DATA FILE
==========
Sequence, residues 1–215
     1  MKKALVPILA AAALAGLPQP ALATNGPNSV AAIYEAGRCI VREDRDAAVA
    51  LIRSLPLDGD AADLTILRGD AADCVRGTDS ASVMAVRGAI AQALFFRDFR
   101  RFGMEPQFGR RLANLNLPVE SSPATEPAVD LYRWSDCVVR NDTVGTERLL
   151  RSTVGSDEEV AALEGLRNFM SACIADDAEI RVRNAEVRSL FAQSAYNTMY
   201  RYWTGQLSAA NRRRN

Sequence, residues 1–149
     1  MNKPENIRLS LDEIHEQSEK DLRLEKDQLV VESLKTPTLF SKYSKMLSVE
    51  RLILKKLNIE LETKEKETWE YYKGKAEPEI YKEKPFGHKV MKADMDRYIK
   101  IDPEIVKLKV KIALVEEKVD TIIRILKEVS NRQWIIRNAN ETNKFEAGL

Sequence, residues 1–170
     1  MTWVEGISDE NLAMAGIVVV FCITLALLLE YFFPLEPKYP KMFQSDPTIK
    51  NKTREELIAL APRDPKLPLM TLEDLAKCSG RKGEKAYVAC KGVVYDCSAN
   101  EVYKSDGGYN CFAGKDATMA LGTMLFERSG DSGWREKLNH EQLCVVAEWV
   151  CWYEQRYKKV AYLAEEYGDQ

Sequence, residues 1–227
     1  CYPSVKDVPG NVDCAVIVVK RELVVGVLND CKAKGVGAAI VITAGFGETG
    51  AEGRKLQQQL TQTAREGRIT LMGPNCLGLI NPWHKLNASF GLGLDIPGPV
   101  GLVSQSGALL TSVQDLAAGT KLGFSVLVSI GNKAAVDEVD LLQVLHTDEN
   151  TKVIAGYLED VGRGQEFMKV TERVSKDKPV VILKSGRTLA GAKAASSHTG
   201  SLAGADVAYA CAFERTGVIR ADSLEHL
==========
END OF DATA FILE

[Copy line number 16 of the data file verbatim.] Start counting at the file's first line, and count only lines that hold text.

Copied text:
Sequence, residues 1–227